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WOMEN IN ENERGY: Shawn Guidry

Mar 08, 2021

In celebration of Women’s History Month and International Women’s Day, LAGCOE is highlighting women who have been instrumental supporters of our organization.

Meet Shawn Guidry!

How long have you been working for the energy industry? 

I started in 2003 with Talen’s Marine and Fuel, Sales and Business Development, I started in the field calling on land rigs, barge rigs, and docks. I then moved into corporate sales in Lafayette and New Orleans then eventually moving into the Houston market.

In what ways has the energy industry had a positive impact on your life and career? Are you happy that you chose this industry? 

The oil and gas industry is an industry that has provided for my family and many friends. My mother retired from Baker Hughes after 38 years, my father worked directly and indirectly his adult life in this industry and my husband most recently retired after 24 years in the oil and gas industry.  You can get a sales career in virtually any field of interest, because everyone needs sales reps to increase revenue, however I was lucky to get a sales job in the oil and gas industry.  An industry that I have grown to believe in and care about.  It has provided a well-paid career to help support me and my family.  It gave me flexibility when my son was young.  For those who do not know about crew changes, that was part of my job during the early years.  During a crew change it would give you the opportunity to call on the company men/supervisors coming off of the rig or going on the rig at the dock.  All of the docks were about a 2 ½ to 3 hour drive from my home.  In order to see everyone you had to be at the dock/heliport before 5 am, that meant leaving my house at 2 am, the bright side my day was over at noon.  It allowed me the opportunity to pick my son up from school and spend time with him. I am very happy I ended up in the oil and gas industry, every day was a different day so my job was never boring. One day I would be on a land rig the next day in Port Fourchon or downtown Houston making sales calls.  Over the years I have met so many hard working, intelligent, genuine people that I am blessed to be part of this amazing industry. I look forward to every day I get to work..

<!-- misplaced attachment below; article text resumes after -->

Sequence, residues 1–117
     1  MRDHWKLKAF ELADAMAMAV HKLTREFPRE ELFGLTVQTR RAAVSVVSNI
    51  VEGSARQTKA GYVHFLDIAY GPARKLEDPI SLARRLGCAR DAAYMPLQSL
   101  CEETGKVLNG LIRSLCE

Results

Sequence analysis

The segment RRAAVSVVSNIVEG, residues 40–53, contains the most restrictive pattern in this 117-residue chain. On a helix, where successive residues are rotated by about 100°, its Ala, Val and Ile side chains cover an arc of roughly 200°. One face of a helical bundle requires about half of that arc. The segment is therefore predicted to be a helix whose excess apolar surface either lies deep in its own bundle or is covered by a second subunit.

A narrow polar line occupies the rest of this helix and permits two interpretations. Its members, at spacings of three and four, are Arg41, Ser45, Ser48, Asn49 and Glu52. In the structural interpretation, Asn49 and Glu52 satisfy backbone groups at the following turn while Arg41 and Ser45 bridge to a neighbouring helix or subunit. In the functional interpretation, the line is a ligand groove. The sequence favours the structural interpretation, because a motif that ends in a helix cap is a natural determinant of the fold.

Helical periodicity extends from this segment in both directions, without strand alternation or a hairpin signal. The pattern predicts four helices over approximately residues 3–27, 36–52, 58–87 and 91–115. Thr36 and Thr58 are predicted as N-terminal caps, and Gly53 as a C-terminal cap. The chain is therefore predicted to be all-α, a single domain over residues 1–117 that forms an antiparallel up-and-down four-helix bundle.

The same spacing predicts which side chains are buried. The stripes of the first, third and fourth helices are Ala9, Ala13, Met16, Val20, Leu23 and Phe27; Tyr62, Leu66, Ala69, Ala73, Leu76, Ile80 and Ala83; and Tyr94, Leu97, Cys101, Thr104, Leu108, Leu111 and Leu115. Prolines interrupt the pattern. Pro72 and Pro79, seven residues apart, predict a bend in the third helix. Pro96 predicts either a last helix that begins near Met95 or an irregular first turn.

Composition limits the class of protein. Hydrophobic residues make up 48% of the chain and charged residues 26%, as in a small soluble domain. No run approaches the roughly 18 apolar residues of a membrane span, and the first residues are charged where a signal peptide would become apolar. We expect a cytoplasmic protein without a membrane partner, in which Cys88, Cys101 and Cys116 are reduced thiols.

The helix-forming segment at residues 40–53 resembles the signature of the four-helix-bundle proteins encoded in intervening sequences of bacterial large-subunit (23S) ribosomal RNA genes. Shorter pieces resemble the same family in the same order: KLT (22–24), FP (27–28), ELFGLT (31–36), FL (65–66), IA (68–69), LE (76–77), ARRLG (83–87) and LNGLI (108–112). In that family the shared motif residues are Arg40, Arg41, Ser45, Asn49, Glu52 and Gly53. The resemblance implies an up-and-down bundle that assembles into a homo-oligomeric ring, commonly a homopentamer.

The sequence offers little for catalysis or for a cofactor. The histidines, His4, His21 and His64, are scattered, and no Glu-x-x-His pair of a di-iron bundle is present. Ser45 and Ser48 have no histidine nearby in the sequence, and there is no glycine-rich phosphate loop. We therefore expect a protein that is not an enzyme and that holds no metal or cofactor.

What would you say to young girls today who are considering pursuing a STEM-centric career? 

I would tell her to pursue her passion, interest, and focus on her strengths.  Young girls should know that by pursuing a STEM career, they are helping their communities and the world.  Nearly every aspect of society relies on some STEM research or invention.  If she has an interest or excels in a STEM courses that is great, however school classes are not really a good indicator of what STEM opportunities are available.  I would encourage her to find summer camps, after-school clubs, organizations to be a part of, find a mentor, or schedule a tour or job-shadow of a local business of interest. Read, watch videos, or listen to podcast on subjects of interest.  Help her find a role model! Role models can provide young girls with inspiration and motivation to pursue their dreams.  At the end of the day, all careers rely on diligence, cleverness and hard work, these are skills, not gender based traits. 

Did you ever feel like you were at a disadvantage as a woman in a male-dominated industry? How did you overcome that? 

There have been times when I was treated unkindly and not given a fair chance, however I would prefer not to focus on the negative.  I feel at that time early in my career we were all learning in this industry about diversity and we did the best we could.  Networking helped me tremendously.  Their were many seasoned oil & gas professionals that took me under their wing to help me and give me opportunities.  They introduced me to people and they helped teach me the technical and non-technical ropes of the industry.  But I would say the most important way to overcome is to gain knowledge, that is the only way to become great at your job and for all people to take you seriously.  “There is no wealth like knowledge, and no poverty like ignorance.” Ali ibn Abi Talib

How are you helping pave the way for other fellow women in the energy industry? 

Because there were not many women oilfield sale reps when I started, I had to navigate the industry on my own, I would have been grateful for a woman to mentor me or guide me in the industry. So if asked I would welcome the opportunity to be a mentor,  I would share my experiences and support.  I may not be able to share STEM knowledge, because I did not graduate in a STEM curriculum, I studied art and business. However, I can reach out to my network and find someone who can assist in that department.  

 

#IWD2021


WOMEN IN ENERGY: Shawn Guidry